SESHA 2009 Symposium - Abstract

Prevention through Design (PtD)

Jamali, Jay
(Enviro Safetech, San Jose, CA)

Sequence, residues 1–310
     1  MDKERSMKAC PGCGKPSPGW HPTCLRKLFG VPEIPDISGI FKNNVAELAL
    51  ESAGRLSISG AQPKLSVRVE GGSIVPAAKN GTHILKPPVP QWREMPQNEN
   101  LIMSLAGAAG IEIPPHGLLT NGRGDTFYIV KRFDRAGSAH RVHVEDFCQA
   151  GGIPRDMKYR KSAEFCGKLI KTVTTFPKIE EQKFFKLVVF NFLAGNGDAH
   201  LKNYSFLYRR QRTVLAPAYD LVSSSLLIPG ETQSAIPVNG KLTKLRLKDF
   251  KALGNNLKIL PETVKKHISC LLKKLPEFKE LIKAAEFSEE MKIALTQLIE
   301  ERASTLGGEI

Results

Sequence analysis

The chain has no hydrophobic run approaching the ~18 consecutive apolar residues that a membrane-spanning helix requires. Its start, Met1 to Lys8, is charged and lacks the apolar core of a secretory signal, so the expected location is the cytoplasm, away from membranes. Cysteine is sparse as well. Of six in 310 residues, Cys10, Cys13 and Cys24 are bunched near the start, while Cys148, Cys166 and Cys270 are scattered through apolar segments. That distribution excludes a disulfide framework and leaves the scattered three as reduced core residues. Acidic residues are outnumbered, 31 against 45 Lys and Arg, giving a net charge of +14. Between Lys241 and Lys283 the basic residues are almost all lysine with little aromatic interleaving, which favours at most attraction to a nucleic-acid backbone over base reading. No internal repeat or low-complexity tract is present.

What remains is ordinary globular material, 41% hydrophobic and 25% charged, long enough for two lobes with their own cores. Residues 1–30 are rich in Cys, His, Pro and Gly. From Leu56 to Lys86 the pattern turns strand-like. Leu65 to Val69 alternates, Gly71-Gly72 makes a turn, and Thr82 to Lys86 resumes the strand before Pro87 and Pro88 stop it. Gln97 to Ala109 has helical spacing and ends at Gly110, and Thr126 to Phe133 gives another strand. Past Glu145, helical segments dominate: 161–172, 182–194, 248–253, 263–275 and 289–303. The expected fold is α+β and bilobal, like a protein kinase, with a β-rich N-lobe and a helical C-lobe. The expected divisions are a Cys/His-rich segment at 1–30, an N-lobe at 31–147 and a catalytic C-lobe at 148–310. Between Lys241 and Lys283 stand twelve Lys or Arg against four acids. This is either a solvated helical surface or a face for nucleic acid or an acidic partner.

This presentation will give an overview of Prevention through Design (PtD). Several studies have shown that the risk of occupational injury and illness as well as environmental impact can be reduced by integrating decisions affecting Environmental Health and Safety (EHS) in all stages of the design process. The Prevention through Design (PtD) approach is based on the concept that one of the best ways to prevent and control occupational injuries, illnesses and fatalities is to design out or minimize hazards and risk early in the design process. An ounce of prevention is worth a pound of cure. Proper PtD during the design and redesign process will prevent or minimize work-related hazards and risks associated with the construction, manufacture, use, maintenance and disposal of facilities, materials, equipment and processes. In addition it will eliminate or reduce the cost of retrofits. However PtD requires: Forethought Experience Management support Information in a timely manner PtD will result in less OSHA inspections and fines due to less accidents, injuries and illnesses, which usually trigger an OSHA inspection. OSHA fines range from hundreds of dollars to millions depending on circumstances. PtD and DFS usually reduce the cost of overhead. Although the costs associated with worker injuries are limited under workers compensation, third party liability (contractors and public) is not limited. The phases during which safety can be designed into the process are: Conceptual design Detailed engineering Procurement Construction Startup Demolition PtD will be beneficial during three major timeframes in the practice of safety: Preoperational, in the design process, where the opportunities are greatest and the costs are lower for hazard and risk avoidance, elimination or control Operational mode, where hazards are to be eliminated controlled and risks reduced before their potentials are realized and hazards-related incidents or exposures occur; Post-incident, as hazards-related incidents and exposures are investigated to determine causal factors and necessary risk-reduction measures. PtD is used to avoid bringing hazards and risks into the workplace when new facilities, equipment, materials and processes are considered, and to ensure that hazards and risks are properly addressed when existing operations are altered. To implement PtD management may: Designate qualified in-house personnel to identify and analyze hazards, and assess the risks deriving from them for operations in place; Employ independent consultants with hazard identification/analysis and risk assessment capabilities to assist with respect to operations in place and in the acquisition of new facilities, equipment, materials or processes; Enter into arrangements with suppliers of newly acquired facilities, equipment, materials or processes to fulfill these responsibilities.